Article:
The latest news report made a brief mention of club member Tim Francis having successfully completed that famous Lakeland challenge, The Bob Graham Round. In a nutshell, the BGR involves traversing 42 fells, covering 66 miles and 26,900 feet of ascent, within a 24 hour period. Whether choosing to travel clockwise or anticlockwise, the route begins and ends at Moot Hall in Keswick.
Here, in Tim’s own words, is a very evocative account of his experience.
‘MY BOB GRAHAM’
“I decided to go anticlockwise to get some sleep beforehand, starting 6am. This leaves the ‘easier’ sections to be done at night. If you go clockwise, in order to get these ‘easier’ sections done at night you need to set off at midnight which is way past my bedtime anyway.”
“So, off I went, anticlockwise, even though only 2 of the 200-odd successful rounds from last year had been in that direction. And with not much light because it’s September as covid had delayed my planned June attempt. Oh, and I’d nearly called it off because the first big period of low pressure for the whole summer was due to engulf the lakes 2 hours before I started and lightning was due to attack the Scafell massif as we traversed it. Plus, a jolly good pacer who was down for 2 legs (sections, not actual human legs) supporting pulled out with covid the night before. Ho hum, such is life and fell running.”
Leg 1 Keswick to Threlkeld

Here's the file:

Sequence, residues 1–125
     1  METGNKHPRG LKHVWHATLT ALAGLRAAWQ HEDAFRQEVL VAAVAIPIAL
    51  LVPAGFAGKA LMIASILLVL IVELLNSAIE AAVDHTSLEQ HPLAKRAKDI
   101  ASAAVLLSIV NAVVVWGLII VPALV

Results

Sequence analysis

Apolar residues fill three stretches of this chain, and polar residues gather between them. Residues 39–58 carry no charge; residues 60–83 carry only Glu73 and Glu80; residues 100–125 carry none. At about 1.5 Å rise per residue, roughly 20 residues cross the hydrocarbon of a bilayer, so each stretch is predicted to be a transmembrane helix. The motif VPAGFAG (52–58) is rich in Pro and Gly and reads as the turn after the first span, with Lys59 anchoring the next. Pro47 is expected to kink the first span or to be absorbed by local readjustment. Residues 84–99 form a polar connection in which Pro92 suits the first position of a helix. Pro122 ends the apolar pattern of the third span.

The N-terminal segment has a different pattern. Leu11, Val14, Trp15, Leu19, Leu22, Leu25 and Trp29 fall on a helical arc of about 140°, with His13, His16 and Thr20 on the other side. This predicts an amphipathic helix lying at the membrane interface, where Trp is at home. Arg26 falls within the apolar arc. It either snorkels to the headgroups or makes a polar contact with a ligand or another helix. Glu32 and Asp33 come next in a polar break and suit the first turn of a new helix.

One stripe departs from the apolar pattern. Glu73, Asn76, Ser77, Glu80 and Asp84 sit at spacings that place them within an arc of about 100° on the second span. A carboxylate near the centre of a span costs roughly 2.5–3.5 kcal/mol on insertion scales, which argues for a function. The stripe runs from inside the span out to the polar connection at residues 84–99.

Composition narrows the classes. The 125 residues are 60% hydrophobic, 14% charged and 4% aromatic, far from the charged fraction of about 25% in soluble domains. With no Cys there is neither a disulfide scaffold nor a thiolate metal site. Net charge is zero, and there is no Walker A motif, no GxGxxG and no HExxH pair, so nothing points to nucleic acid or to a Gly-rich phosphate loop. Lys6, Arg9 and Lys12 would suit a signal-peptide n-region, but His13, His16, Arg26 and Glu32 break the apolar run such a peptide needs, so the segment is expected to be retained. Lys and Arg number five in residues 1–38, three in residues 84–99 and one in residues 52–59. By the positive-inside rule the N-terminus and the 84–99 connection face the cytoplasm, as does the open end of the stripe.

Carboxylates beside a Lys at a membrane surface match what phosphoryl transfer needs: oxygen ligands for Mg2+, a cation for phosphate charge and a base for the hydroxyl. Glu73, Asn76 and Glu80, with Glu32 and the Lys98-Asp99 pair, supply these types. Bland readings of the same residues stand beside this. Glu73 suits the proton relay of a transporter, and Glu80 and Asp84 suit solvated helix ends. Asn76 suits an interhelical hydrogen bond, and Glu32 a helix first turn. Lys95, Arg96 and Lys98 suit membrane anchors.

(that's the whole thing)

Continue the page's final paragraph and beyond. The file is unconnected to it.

““Who were those skinny guys jumping around like excited rabbits this morning at 5.15am?” someone was heard to say at the bunkhouse we stayed at. That will have been my first leg pacer Ben and I being organised by the rock of the round, Marion.”
“Unfathomably excited, with a “it’s finally Christmas morning” type feeling that we all remember as 6 year olds, Ben and I set off on my actual, real life, grown up Bob Graham Round. Trying to stay calm and go slow we managed to keep down to 8.45mins/mile for the road section. Climbing up Robinson, Hindscarth and Dale Head went untroubled and we dropped down into Honister.”
Leg 2 Honister to Wasdale
“It wasn’t flipping raining. It was really cloudy. But it was above us. It wasn’t very windy. Wowsers. The Bob Graham community had provided the pacer for this leg, Mark, a friend of a friend of Alex Banks, on whose round I realised I’d earned the respect of the other pacers to come out and help mine. Having never met before, we chatted away for 3hrs40mins as he skilfully helped me round. He did quite fairly curse that it was quite hard to take off his bag to remove food, water, camera or anything else I whimsically requested whilst also keeping an eye on nav and my general health. He kept having to stop, remove stuff then sprint off after me. He did it with good humour and County Durham pluck. My Mum and Dad were in Wasdale which was special. They had introduced me to the Lake District, Dad’s a Burnley boy who spent his adolescence there and he’s done the Wainwrights. Mum’s a wonderful accomplice on their continuing adventures.”
Leg 3 Wasdale to Dunmail